This is an amalgam of beer styles. Malt profile should be similar to a Märzen/Oktoberfest style beer, yeast is an ale yeast, and the hops are mostly from my neighbor’s and my hop plants. It’s an homage to our harvest season. This is for a 10 gallon batch.
- 9 lbs. 2-row
- 8 lbs. German pilsner
- 2 lbs. Munich
- 1 lbs. CaraPils
- 1 lbs. Vienna
- 2 oz Glacier @ 60
- unknown addition of unknown hop @ 45
- unknown addition of unknown hop @ 20
- unknown addition of unknown hop @ 15
- unknown addition of unknown hop @ 10
- unknown addition of wet centennials @ 5
I used Fermentis Safale S-05 yeast again, one per carboy. Someone recently told me that they were bored with this strain. I’m not yet. I plan to cold-crash the carboys right before bottling to clear it up a little more like a true Oktoberfest.
Today I’m brewing a Jasmine IPA loosely based on Elysian’s Avatar. Avatar (the name greatly pre-date the movie hype) is one of my wife’s favorite beers, so I thought I’d give it a try. I picked up some jasmine via the web from a local reseller on Etsy. The bag arrived yesterday. I’m not entirely convinced by the experiment, and since this is a double batch (10 gallons), I’ll probably only do 5 gallons as the jasmine brew and the other as a dry hopped IPA using Simcoe hops. Here’s the base recipe. We’ll see if I go through with the split or just decide to do 10 gallons of Jasmine.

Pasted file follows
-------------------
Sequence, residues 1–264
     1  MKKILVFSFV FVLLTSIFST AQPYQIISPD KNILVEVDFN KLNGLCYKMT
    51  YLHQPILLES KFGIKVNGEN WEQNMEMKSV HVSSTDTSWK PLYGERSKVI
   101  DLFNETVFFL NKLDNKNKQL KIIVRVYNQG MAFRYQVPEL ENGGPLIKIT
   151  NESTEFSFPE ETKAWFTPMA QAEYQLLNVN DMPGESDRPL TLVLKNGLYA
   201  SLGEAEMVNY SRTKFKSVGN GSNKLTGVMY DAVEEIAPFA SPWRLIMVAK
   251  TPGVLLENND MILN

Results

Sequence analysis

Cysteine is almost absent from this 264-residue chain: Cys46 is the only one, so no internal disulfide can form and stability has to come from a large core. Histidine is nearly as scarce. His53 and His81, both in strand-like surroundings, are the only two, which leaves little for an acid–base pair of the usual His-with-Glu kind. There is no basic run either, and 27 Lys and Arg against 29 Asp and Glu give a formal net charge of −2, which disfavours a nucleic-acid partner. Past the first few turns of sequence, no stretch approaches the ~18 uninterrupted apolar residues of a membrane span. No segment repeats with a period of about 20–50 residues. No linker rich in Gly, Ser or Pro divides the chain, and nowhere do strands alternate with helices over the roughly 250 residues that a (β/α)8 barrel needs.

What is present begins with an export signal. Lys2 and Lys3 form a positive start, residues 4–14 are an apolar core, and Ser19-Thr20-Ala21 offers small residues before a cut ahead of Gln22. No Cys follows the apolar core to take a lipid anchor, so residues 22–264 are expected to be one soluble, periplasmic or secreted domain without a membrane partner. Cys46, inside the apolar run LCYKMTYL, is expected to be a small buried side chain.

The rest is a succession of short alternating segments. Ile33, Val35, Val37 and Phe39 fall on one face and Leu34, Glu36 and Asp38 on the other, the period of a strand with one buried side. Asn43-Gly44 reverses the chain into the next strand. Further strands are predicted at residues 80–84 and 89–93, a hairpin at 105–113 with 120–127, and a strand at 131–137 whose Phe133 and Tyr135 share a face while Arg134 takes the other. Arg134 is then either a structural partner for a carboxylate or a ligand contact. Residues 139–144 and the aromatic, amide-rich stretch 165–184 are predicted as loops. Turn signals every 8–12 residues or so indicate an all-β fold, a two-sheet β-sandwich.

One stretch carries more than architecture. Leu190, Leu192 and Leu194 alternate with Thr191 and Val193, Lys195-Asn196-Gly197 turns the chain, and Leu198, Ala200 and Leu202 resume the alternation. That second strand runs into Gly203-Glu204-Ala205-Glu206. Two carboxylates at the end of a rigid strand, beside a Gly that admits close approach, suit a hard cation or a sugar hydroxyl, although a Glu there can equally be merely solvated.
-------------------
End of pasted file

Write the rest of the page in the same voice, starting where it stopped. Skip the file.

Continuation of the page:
- 17 lbs domestic 2-Row
- 5 lbs Weyermann Pilsner
- 1 lb domestic Munich
- 1 lb Crystal 40L
- 2 oz Simcoe @ 60 min
- 2 oz Simcoe @ 10 min
- 1 oz Simcoe @ 2 min
- 1 oz Simcoe @ dryhop for 1/2 of the batch